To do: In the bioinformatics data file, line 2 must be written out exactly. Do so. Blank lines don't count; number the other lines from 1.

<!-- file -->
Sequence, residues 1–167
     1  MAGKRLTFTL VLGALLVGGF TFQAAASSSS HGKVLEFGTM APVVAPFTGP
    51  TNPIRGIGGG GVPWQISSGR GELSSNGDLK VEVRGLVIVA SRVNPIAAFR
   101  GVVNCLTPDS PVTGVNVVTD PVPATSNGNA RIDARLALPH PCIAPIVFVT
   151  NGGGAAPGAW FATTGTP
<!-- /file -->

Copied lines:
     1  MAGKRLTFTL VLGALLVGGF TFQAAASSSS HGKVLEFGTM APVVAPFTGP